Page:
In the midst of our Manchester Pride celebrations, we thought it was important to look beyond our village, and consider the research from an impartial. Who better than Professor Helge Hoel – an expert in Organisational Behaviour and a recognised international voice on bullying, harassment and violence in the workplace. Professor Hoel offers his expertise, courtesy of Manchester Business School.
FYI: Professor Hoel’s research is best considered over a pot of tea and a few Rich Tea’s in your bedroom, lounge or hotel-room, as you’ll want to absorb his article’s full authority without distraction.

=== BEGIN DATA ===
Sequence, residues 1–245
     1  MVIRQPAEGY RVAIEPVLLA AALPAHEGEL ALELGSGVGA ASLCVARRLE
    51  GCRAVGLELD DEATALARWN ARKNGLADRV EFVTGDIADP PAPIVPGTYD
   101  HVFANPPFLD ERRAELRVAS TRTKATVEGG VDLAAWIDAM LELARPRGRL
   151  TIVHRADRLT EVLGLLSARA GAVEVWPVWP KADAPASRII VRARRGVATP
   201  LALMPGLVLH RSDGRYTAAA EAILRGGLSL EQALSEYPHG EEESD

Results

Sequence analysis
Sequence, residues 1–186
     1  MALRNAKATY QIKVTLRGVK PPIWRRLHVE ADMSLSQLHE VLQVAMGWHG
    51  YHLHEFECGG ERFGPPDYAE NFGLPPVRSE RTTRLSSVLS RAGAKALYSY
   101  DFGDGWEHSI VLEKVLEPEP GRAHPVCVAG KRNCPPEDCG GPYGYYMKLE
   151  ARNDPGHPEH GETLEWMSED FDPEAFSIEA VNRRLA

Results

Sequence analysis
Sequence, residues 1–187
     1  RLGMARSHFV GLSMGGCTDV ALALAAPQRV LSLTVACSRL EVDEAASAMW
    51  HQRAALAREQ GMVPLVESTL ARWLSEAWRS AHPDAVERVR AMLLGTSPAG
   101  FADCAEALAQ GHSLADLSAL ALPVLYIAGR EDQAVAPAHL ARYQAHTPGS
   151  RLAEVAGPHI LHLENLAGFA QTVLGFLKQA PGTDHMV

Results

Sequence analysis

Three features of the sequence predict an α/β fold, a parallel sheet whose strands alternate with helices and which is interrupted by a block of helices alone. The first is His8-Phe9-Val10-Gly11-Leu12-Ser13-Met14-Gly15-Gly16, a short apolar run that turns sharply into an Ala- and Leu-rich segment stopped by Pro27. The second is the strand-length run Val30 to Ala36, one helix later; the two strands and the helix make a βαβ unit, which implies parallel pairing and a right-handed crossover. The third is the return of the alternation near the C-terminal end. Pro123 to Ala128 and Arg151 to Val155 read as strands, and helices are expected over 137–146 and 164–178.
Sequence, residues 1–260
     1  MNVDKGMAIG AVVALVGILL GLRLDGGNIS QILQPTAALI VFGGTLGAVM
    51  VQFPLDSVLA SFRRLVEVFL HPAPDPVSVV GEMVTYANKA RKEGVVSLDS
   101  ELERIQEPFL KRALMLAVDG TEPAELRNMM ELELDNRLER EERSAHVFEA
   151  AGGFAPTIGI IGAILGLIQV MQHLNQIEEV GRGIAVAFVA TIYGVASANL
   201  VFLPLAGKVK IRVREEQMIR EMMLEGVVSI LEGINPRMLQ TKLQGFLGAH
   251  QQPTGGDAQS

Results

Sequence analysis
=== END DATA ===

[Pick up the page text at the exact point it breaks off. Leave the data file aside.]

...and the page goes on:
Although most LGBT people report positive workplace experiences, many suffer discrimination, bullying and harassment at the hands of colleagues or clients. The key research findings showed that LGBTs were more than twice as likely to be bullied and discriminated against as their heterosexual colleagues. Bisexual and lesbian employees reported the highest levels of discrimination and bullying and the worst levels of poor health, and in terms of negative behaviour, LGBTs reported higher levels of exposure to intrusive and sexualised behaviour, as well as social exclusion, than heterosexual employees. Stereotyping played an important role in scenarios of bullying and discrimination, with gay men who matched stereotypical expectations being more at risk of bullying, and lesbians who did not fit such stereotypes being more exposed. Ignorance and lack of understanding were commonplace when discussing bisexuality, with an expressed intolerance of ‘not knowing’.